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Goodbye to “Dumsor”: harnessing renewables and waste to generate sustainable electricity in Ghana

Over decades, Ghana has been struggling with the generation of electrical power, especially its sustainability.

The associated challenges, either technical and or political are well known. Moreover, predominantly reliant on hydropower, alternative electrical power generation sources such as wind energy, solar energy, bioenergy, etc. have not been tested for implementation on a large scale in Ghana.

The article aims to bring to the attention of the Ghana government and other industry policymakers and actors a new research study on the generation of electrical power from new renewables (solar and wind) on utility-scale and complementary flexible generation from biomass residue and waste, which was conducted at LUT University in Finland.

The scientific research was carried out by MSc. Theophilus Nii Odai Mensah, Dr Ayobami Solomon Oyewo, and Professor Christian Breyer. The study investigated the use of a variety of different biomass-based residue streams from the forest, agriculture, and municipal solid waste to generate electrical power from the sixteen (16) regions of Ghana. In the study, 6 local regions were created out of the sixteen (16) regions in Ghana – such as 1) Eastern-Coastal (GH-EC): Greater Accra, Volta and Oti regions; 2) Western-Coastal (GH-WC): Central, Western, and Western North regions; 3) Central (GH-CEN): Eastern and Ashanti regions; 4) Brong Ahafo (GH-BA): Bono, Ahafo and Bono East regions; 5) Northern Territory (GH-NT): Northern, North East and Savannah regions; and 6) Upper North (GH-UN): Upper East and Upper West regions.

These regions were installed with sufficient local renewable capacity to serve the region using the LUT Energy System Transition model, also known as the LUT model. The LUT model is a linear optimization simulation tool that performs an hourly resolution of the energy system with parameters for an entire year under certain operational constraints and assumptions for the future powered system and demand. Also, the LUT model highlights the role of waste and residue biomass to complement generation from variable renewable energy resources. In addition, system mechanisms applied in the study include electricity generation, power transmission, storage, and energy bridging technologies.

In the research study, six power sector scenarios were developed, among which two main scenarios were adopted for analysis. The two analysed scenarios are the Current Policy Scenario (A Business-as-Usual Scenario) which was modelled based on the current Ghanaian government power plan detailed in the Ghana Energy Commission reports, and the Best Policy Scenario (A fully renewable energy scenario with biomass and hydropower serving as flexible generators besides other storage technologies to balance the variability of new renewables).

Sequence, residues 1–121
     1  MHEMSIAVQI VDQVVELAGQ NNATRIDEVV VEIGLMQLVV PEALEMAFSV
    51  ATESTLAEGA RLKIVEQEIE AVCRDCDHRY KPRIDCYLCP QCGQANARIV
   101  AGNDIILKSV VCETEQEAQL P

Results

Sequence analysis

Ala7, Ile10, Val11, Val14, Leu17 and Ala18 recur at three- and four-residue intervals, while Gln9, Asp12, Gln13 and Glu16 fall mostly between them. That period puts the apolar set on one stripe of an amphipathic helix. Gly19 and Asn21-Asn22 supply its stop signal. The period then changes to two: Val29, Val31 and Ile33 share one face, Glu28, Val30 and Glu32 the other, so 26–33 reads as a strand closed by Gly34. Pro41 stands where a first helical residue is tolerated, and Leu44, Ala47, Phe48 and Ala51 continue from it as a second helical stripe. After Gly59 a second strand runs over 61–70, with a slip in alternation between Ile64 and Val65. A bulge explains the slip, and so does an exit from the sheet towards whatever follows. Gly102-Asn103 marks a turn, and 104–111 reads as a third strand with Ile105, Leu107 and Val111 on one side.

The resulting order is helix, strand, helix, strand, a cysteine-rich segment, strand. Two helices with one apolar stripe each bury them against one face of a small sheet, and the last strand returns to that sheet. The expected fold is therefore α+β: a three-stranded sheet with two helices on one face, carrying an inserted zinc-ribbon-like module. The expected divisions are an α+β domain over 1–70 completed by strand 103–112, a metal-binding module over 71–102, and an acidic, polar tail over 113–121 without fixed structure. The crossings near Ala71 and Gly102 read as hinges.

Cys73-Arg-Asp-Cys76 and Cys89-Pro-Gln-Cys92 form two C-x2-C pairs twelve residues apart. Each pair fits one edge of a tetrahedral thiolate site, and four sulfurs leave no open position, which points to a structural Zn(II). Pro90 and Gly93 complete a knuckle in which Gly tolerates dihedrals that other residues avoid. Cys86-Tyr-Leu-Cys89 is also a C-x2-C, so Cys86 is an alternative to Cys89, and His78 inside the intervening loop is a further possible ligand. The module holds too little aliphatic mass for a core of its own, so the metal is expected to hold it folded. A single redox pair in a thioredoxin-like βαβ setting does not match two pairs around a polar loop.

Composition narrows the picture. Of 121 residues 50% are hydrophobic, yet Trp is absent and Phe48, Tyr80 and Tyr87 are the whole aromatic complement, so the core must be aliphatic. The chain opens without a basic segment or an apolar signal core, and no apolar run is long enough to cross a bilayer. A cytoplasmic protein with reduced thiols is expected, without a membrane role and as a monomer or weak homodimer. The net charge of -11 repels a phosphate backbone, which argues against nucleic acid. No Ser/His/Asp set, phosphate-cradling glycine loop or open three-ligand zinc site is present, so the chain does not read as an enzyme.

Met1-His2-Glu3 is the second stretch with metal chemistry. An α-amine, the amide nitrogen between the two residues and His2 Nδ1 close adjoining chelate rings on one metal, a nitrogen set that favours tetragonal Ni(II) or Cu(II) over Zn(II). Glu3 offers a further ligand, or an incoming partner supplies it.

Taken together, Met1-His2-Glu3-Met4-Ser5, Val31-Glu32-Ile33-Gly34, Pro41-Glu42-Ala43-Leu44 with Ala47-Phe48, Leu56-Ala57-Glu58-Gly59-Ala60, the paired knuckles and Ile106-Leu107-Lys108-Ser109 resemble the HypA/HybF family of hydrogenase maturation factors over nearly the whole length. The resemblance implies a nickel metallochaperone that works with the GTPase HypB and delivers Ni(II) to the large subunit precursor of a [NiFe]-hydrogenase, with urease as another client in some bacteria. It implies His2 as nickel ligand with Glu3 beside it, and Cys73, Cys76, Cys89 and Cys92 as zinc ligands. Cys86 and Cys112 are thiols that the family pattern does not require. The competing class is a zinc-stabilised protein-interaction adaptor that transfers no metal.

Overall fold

It was observed that waste and residues from the forest, agriculture, and municipal solid waste represent a large and currently unused energy source. Municipal solid waste especially has a great potential for expansion, very versatile, and can help to meet energy demands and reduce the accumulation of waste in Ghana. The research further reveals that Ghana’s electric power crisis could be solved with a mix of new renewable energy generators.

The key findings of the research are as follows:

  1. Renewable energy resources (solar, hydropower, and biomass) can supply the power sector demand of Ghana starting from now.
  2. Solar PV (Utility scale and prosumers) contributes 76% of the total electricity demand of Ghana by 2050 in the Best Policy Scenario.
  3. In the Best Policy Scenario, the levelized cost of electricity (LCOE) declines from 48.7 €/MW in 2015 to 36.9 – 46.6 €/MWh by 2050.
  4. In the Current Policy Scenario (Business as Usual), the levelized cost of electricity (LCOE) increases from 48.7 €/MW in 2015 to 76.4 €/MW by 2050.
  5. Flexible generation from biomass (forest and crop residues, livestock manure, municipal solid waste, faecal sewage sludge) and hydropower provides system balancing for the power system in the Best Policy Scenario.
  6. Storage technologies and gas turbine provide day-to-day and seasonal balancing of the transmission grid.
  7. Local farmers such as cocoa farmers etc. will earn extra revenue from waste and residue sales to local power producers.
  8. Using residues and waste as fuel for power generation will rid the country of filth and keep the environment clean.
  9. In terms of regional power generation, the Northern regions of Ghana are the dominant generating hub in a fully renewable power sector due to high solar irradiation in the Northern regions.
  10. In the Best Policy Scenario, electricity is transmitted from (GH-NT): Northern, North East and Savannah regions; (GH-UN): Upper East and Upper West regions, (GH-EC): Greater Accra, Volta and Oti regions; (GH-CEN): Eastern and Ashanti regions; to complement and satisfy demand in (GH-BA): Bono, Ahafo and Bono East regions and (GH-WC): Central, Western, and Western North regions.

In conclusion, it is claimed that:

  • Ghana can generate sustainable electricity from biomass residue and waste to complement generation from new renewables.
  • Bioenergy contribution in power systems substantially reduces system cost.
  • Bioenergy provides flexibility in hybrid solar PV–battery dominated power system.
  • The levelized cost of electricity for 100% RE ranges from 37 – 46.6 €/MWh in 2050.

The scientific research paper associated with this article can be accessed from the link attached. The time is now to venture into these alternative energy sources to generate sustainable electrical power for Ghana.



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